Cardinal Gerhard Muller, prefect of the Congregation for the Doctrine of the Faith, says 'Amoris Laetitia' is not up for personal interpretation. CNS photo/Paul Haring

'Amoris Laetitia' not up for personal interpretation, says Vatican's doctrinal chief

By  Junno Arocho Esteves, Catholic News Service
  • February 1, 2017

VATICAN CITY – The Vatican's doctrinal chief said some bishops are interpreting Pope Francis' document on marriage and family in a way that is not in accordance with Catholic doctrine.

"I don't like it. It is not correct that many bishops are interpreting Amoris Laetitia according to their own way of understanding the teaching of the Pope. This is not in line with Catholic doctrine," said Cardinal Gerhard Muller, prefect of the Congregation for the Doctrine of the Faith.

In an interview published Feb. 1 with Italian magazine Il Timone, Cardinal Muller said the interpretation of Amoris Laetitia falls solely to the Pope or the Vatican's doctrinal congregation.

"To all these (bishops) who are talking too much, I urge them to study first the doctrine (of the councils) on the papacy and the episcopate," the cardinal said. "The bishop, as teacher of the Word, must himself be the first to be well formed so as not to fall into the risk of the blind leading the blind."

In their directives on how to apply the Pope's teachings in their dioceses, some bishops have indicated a possibility that after a serious process of accompaniment and discernment, some divorced and civilly remarried couples may be able to receive sacramental absolution and the Eucharist; other bishops have said the pastoral accompaniment and discernment should help those couples recognize they are still part of the church and encourage them to live without sexual relations if they want to receive the sacraments.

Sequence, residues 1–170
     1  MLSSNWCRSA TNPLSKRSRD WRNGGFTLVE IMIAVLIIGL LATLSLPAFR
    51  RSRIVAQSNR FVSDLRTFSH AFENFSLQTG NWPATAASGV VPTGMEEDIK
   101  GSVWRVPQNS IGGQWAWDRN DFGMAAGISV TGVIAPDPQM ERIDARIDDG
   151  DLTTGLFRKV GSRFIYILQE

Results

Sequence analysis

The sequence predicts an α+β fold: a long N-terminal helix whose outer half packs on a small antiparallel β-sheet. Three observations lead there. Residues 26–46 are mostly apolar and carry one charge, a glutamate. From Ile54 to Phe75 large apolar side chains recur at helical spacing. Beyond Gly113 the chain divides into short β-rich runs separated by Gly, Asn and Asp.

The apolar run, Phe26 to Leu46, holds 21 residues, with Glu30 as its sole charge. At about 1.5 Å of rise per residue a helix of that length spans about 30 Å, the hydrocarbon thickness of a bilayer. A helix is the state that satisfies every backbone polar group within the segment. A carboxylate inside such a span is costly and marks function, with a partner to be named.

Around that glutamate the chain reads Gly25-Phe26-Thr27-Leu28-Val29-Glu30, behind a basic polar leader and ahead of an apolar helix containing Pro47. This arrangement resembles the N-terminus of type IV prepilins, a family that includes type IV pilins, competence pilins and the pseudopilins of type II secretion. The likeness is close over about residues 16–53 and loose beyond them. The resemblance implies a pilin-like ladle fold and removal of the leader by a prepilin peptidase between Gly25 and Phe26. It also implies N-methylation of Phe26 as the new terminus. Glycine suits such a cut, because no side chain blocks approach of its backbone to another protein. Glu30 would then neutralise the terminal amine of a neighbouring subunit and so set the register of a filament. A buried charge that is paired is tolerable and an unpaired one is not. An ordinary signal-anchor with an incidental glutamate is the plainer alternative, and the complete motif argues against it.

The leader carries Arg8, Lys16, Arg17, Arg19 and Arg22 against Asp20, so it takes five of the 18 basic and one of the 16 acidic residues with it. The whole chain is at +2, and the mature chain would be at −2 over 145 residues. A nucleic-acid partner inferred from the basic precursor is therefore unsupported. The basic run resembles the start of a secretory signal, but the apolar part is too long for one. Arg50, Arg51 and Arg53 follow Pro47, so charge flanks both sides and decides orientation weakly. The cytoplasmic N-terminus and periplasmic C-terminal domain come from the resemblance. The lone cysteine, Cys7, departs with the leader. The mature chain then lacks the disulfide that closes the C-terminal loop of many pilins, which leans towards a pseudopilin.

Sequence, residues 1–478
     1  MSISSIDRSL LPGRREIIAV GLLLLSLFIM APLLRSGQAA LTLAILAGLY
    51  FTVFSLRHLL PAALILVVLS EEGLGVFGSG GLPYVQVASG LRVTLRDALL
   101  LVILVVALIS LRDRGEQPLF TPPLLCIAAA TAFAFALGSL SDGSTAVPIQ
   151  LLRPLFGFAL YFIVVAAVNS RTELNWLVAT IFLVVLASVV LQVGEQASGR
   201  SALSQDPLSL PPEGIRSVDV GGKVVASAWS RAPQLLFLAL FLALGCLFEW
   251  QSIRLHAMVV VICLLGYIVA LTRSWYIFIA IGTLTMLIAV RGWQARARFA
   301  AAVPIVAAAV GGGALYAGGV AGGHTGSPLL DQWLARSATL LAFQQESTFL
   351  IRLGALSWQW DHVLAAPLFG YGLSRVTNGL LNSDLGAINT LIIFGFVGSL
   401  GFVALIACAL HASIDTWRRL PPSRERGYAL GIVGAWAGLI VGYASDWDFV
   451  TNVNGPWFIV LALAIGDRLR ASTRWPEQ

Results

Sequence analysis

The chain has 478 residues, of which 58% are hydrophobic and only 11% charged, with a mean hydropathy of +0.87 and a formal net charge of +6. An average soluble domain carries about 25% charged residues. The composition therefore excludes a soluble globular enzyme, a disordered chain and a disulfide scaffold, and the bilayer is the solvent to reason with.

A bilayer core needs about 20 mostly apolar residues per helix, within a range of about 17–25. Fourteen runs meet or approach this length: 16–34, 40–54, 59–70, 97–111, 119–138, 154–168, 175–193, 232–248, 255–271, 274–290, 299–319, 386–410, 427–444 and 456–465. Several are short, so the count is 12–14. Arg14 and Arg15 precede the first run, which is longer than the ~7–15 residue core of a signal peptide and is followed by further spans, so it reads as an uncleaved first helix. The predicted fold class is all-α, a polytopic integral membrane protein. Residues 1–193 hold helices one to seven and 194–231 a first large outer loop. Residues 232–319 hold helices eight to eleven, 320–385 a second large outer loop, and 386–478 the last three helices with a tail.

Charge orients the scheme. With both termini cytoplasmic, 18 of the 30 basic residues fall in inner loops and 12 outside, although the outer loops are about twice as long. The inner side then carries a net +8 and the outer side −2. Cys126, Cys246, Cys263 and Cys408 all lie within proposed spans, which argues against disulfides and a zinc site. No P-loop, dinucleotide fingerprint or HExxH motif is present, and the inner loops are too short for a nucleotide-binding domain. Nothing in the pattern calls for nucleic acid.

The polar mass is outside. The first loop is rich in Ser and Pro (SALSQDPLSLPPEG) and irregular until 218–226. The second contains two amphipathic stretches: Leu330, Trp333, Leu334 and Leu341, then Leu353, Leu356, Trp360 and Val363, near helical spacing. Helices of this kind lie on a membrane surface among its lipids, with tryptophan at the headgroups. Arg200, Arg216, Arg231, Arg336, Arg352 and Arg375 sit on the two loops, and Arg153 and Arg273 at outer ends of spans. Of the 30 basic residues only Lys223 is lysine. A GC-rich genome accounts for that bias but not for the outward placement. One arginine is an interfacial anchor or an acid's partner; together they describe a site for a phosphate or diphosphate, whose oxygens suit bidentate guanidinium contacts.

Cardinal Muller, who said in an interview Jan. 9 that the teaching in the Pope's exhortation is clear, told Il Timone that a contradiction between personal conscience and doctrine "is impossible" and that no circumstances exist where "an act of adultery does not constitute a mortal sin."

If a Catholic has not obtained an annulment of their sacramental marriage, entering into a new relationship would be considered adultery.

While the Pope's apostolic exhortation emphasizes the importance of the sacrament of reconciliation in accompanying penitents on the path to receiving the Eucharist, Cardinal Muller said that contrition, the resolve to sin no more and confession are requirements that must also be respected.

"This is the dogmatic doctrine of the church, independent of the fact that people may or may not accept it. We are called to help people – bit by bit – to gather the fullness of their relationship with God, but we cannot make concessions," he said.

Pope Francis' teaching on the family, he continued, is a help for those living in situations that are not in keeping with the "moral and sacramental principles" of the church, but want to comply.

Nevertheless, he added, the church cannot justify" irregular situations "that are not in accordance with divine will."

When asked if the abstinence requirement for divorced and remarried couples who cannot separate still stands, Cardinal Muller said that the requirement is "not dispensable."

Cardinal Muller highlighted the need for bishops to read Amoris Laetitia in its entirety rather than choosing and citing brief passages. He also said that the "task of priests and bishops is not to create confusion but to clarify."

"It is not Amoris Laetitia that has provoked a confusing interpretation, but rather some of its confused interpreters," the cardinal said. "We must all understand and accept the doctrine of Christ and of his church and, at the same time, be ready to help others to understand it and put in practice even in difficult situations."

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